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Family Business Enterprise

Organizational Effectiveness

A 14-person multi-generational family divided by geography into three family units owned twelve commercial properties in the Chicago area. These properties included a factory, a warehouse, a Chinese restaurant, a bagel shop, an apartment building, an office building, and a strip mall.

The gradual and reluctant transfer of authority from the older to the middle generation led to increased anxiety and insecurity among many family members. They also debated how to initiate and introduce the youngest generation into taking on some entry-level responsibilities such as property inspections, reviewing income expense sheets, and learning about procurement.

The family hired us to facilitate the issues that created conflict among the three family units.

Issues and Goals

A triangle of psychological, substantive, and procedural issues often applies to family enterprise situations. This triangle provides a useful framework for examining common issues that arise in conflict resolution. However, in dynamics like this, it’s important to note that these three “sides” of the triangle seldom stand alone. Each of these three issues tends to have elements of the others intermingled within it.

For example, this family was in conflict about how to develop a plan of succession from the older generation to the next, which was a psychological issue with procedural underpinnings. The family also disagreed about whether and how to form a single business entity that would distribute the authority among the three family groups–a substantive issue. Communication and collaboration had broken down among the family members, which is a procedural issue with psychological underpinnings.

To complicate things, most of the relatives within this larger family unit were unwilling to talk business with family members outside of their respective smaller geographically based unit. The entire family worked with a Chicago area law firm. However, this firm was perceived by two of the three family units as “in the pocket” of the family unit who lived there, and therefore biased toward their wishes. This perception caused the other two family units to hire their own separate law firms based in the areas where they lived.

The primary goals of this facilitation were:

  • To reestablish communication and a willingness to collaborate among the family members
  • To develop a succession plan, and
  • To create a single business entity to re-balance the power and income among the three geographic family units.

Secondary goals included:

  • To agree upon a reasonable leasing commission for a Chicago-based family member who managed the commercial properties there,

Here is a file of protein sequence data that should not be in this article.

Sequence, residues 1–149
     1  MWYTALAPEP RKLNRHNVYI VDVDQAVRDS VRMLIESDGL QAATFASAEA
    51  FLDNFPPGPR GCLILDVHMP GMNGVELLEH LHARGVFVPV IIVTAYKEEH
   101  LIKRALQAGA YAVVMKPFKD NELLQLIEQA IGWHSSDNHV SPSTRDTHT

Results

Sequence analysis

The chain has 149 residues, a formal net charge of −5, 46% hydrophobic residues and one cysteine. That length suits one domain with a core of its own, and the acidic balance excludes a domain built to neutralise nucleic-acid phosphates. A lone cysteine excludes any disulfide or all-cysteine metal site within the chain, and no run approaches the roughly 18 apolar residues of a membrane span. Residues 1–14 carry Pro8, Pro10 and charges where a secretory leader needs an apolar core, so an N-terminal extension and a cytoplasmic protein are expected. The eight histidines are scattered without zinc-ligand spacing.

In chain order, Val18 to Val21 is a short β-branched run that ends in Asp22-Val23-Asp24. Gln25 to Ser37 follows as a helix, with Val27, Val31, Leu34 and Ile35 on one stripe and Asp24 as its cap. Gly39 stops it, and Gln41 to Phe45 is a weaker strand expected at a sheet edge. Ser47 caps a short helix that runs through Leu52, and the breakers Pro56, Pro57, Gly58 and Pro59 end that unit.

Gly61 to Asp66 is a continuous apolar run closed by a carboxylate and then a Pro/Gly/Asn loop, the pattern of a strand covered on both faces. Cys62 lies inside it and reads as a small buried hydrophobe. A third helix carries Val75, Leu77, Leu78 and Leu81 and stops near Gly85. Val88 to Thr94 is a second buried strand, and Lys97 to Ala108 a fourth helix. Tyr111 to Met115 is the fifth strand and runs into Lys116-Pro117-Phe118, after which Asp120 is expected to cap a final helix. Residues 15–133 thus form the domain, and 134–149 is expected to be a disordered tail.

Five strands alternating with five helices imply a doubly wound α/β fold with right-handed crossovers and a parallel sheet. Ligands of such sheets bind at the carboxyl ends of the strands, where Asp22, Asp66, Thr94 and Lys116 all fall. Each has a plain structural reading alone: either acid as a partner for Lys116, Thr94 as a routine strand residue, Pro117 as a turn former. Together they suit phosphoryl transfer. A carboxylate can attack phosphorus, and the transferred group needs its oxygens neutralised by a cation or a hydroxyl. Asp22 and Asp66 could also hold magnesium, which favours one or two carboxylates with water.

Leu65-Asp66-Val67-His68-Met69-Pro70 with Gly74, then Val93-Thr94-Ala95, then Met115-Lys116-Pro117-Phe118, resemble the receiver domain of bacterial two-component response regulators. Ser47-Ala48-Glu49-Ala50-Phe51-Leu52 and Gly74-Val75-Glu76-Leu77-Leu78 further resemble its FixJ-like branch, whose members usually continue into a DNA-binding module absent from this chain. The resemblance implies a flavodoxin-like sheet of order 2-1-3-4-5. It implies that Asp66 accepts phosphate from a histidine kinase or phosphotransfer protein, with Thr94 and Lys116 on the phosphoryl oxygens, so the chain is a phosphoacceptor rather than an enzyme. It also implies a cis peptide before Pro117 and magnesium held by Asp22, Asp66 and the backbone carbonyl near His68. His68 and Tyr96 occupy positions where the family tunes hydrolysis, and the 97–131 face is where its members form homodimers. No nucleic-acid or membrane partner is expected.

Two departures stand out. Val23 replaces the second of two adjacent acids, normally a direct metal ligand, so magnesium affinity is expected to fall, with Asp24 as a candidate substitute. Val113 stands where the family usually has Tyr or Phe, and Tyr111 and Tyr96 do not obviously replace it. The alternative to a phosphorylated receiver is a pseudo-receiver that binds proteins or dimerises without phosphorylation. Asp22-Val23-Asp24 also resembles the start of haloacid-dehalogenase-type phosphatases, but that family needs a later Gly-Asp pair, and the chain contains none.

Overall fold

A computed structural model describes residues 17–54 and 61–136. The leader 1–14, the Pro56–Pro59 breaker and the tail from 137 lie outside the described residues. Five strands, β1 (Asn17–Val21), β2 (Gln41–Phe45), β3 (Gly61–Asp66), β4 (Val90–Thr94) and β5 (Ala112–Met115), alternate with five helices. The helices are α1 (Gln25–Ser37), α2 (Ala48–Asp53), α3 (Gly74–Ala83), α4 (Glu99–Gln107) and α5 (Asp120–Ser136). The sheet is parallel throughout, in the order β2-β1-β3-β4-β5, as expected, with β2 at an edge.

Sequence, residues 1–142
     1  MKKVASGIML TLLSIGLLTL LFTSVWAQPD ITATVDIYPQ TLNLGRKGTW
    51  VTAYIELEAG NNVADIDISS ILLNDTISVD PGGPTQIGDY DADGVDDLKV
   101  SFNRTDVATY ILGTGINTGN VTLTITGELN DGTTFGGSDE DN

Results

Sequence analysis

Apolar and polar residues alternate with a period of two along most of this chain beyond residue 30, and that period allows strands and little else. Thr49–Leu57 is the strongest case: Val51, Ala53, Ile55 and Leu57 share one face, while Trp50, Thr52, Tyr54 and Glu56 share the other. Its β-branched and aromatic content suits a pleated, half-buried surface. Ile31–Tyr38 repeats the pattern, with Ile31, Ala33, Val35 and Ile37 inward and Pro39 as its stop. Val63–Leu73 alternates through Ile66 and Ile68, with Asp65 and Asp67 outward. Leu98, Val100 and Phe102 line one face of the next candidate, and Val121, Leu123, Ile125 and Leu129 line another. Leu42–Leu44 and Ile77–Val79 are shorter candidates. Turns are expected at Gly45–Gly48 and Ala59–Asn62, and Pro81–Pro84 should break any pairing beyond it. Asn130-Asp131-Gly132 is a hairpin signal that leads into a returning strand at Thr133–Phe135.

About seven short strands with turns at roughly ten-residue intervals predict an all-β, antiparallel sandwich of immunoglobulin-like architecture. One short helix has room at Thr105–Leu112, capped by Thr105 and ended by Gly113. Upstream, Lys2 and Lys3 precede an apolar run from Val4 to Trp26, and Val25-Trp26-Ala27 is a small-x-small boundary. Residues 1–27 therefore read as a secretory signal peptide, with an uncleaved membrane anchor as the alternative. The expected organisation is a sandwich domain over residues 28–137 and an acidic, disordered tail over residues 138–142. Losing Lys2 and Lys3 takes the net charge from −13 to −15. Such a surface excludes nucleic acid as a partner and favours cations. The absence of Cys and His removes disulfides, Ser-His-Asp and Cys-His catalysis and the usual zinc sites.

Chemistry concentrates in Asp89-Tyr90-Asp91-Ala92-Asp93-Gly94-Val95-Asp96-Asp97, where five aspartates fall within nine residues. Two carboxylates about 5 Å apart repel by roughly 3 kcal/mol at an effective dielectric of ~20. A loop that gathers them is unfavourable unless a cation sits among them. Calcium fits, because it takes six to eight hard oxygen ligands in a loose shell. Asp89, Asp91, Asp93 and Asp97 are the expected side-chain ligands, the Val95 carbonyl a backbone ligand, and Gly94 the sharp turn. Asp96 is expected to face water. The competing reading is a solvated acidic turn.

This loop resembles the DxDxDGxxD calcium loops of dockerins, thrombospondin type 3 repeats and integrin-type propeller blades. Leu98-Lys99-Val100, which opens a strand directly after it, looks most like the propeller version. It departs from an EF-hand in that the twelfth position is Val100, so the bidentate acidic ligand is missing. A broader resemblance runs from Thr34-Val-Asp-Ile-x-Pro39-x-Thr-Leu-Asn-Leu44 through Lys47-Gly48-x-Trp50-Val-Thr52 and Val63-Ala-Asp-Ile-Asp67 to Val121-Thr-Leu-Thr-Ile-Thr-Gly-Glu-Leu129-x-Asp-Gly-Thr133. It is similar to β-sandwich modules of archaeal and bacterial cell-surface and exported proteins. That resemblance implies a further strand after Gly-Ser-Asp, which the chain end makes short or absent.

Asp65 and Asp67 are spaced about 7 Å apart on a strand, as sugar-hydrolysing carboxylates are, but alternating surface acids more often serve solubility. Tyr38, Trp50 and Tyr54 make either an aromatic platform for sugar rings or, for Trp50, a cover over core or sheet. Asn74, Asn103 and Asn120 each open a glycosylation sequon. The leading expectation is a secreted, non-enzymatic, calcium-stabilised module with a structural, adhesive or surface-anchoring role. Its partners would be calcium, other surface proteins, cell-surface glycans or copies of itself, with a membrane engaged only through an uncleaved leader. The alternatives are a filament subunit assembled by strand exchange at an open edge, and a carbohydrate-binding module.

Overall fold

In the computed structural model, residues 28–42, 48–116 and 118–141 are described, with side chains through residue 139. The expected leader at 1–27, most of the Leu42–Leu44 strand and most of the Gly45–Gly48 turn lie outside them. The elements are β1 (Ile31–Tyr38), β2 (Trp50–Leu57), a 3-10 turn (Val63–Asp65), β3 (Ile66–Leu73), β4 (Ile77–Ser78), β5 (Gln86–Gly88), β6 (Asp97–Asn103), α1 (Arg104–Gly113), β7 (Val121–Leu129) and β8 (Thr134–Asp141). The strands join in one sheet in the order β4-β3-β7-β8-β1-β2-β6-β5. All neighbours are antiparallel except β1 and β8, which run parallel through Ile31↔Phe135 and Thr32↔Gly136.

• To receive more frequent reports and accounting from that family member, and
  • To resolve some remaining estate issues arising from the death of a family business patriarch years earlier.


We began this conflict resolution and collaborative learning process by conducting assessment interviews with the family members. Next, we circulated a report summarizing the main issues, tensions, and opportunities we identified in those interviews.

We then worked to identify and build conversations structured around:

  • Financial reporting and accounting
  • Commercial property management and investment matters
  • Estate planning issues, and
  • Relationship and communications issues

We did this by searching for compelling and/or unifying family symbols, stories, and artifacts. For example, we found and showed an old video featuring the family patriarch to the entire family. We also did an informal market study of standard leasing commissions to help the family members agree upon the ideal leasing commission amount to pay to the Chicago family member who managed leasing operations.


Despite the number of parties, their geographic and emotional distance from each other, and the level of conflict between them, we were able to help the family come to agreement on several important issues:

  • Resolution of long-standing estate and deed transfer issues related to the estate of the senior generation’s patriarch.
  • General agreement on the use of a limited liability company, along with specific agreements on major business, accounting, and legal issues concerning the allocation of authority between family members.
  • An outline of an agreement for regular communication and reports between the family member appointed as the commercial property manager and the rest of the family.
  • An agreement establishing quarterly phone calls and annual meetings between the three family units.